Caul Shivers seemed to have inherited Logen’s dilemma of trying to be a good person in a world that punishes the good. He serves as a counterpoint to Monza, who is so single-mindedly consumed with making her enemies pay that she doesn’t even pause to consider if she should. The inclusion of “famed soldier of fortune” Nicomo Cosca in the story is a welcome one, and not just because he is an entertaining and charismatic slime-ball, but because of his complicated past relationship with Monza that added a lot of pathos to her journey. I also very much enjoy Castor Morveer’s role as the master poisoner in the crew of seven, and if there is anyone who is a bigger poster child for Cluster B personality disorders (specifically sociopathy and narcissism) than he is, I don’t know them. Morveer’s assistant Day is also a delight, and I wonder if she was inspired by Brad Pitt’s character in the Ocean’s Eleven series of films because like Pitt, she is perpetually snacking on something.

Then there is also the ex-convict, Friendly, who has an endearing Rain Man-esque knack for numbers, and he reminds me very much of Murata Sayaka’s Keiko from Convenience Store Woman. Like Keiko who chooses to stay in a dead end job for years in a konbini because it provides her with structure and gives her instructions in how to interact with others, Friendly too feels overwhelmed by society with its constantly shifting rules and circumstances, and yearns for the simplicity of incarceration where every person has their place, and every activity like sleeping and eating has their time. Shylo Vitari is in this book too, I guess, but she wasn’t given much to do beyond landing some solid zingers on Cosca.

The ongoing centuries old conflict between the shadowy banking house of Valint & Balk and the prophet Khalul spilled from The First Law trilogy into Best Served Cold as well but that occurs mostly in the background. There are plenty of fun references from the preceding books, but not so much that those who have not read them would feel left out. I was glad that the focus of the story was moved from the Union (analogous to the the UK) in the preceding books to Styria (fantasy Italy) since the new setting gave me a chance to visit a hitherto unexplored corner of this world.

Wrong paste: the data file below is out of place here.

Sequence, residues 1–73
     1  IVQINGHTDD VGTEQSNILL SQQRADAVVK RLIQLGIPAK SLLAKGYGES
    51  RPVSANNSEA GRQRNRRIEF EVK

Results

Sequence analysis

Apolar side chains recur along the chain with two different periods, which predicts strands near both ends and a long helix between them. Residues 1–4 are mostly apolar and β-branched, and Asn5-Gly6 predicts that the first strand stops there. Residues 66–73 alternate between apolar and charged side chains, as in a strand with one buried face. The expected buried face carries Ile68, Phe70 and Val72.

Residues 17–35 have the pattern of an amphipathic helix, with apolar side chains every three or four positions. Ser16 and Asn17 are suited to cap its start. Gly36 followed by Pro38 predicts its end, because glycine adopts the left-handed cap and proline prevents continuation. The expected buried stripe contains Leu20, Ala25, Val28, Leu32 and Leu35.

More than the grittiness and misery porn that have come to advertise the grimdark genre, what I appreciate most from Best Served Cold (and First Law) is the moral relativism, which is pithily summarised in this quote from the book,

That was the difference between a hero and a villain, a soldier and a murderer, a victory and a crime. Which side of a river you called home.

It asks a lot of questions on what is the right thing to do, or if it is even possible to tell right from wrong. Every step that Monza and co takes on her revenge tour asks these questions anew, challenging them with new revelations about their situation or their targets, and shaking their certainties on who deserves what. Best Served Cold is not a novel that adds anything new to the discourse, but whatever it says, it says it well—and it did it all while serving up a stone cold feast of vengeance, betrayal, action, and humour. I would happily watch a miniseries adaptation of this book, with Steven Pacey playing every character like Eddie Murphy in The Nutty Professor. I will accept no alternative.

Rating: 4.75/5 Naga Pearls

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Published by A Naga of the Nusantara

A Naga is a divine dragon from Eastern Hindu-Buddhist tradition. The Nusantara is made up of nusa (island) and antara (between) and describes the Southeast Asian archipelago that includes Malaysia, Indonesia, the Philippines, and Papua New Guinea. This particular Naga is Malaysian, born and bred. He loves reading and hoarding books, and enjoys bothering humans with what he thinks of them.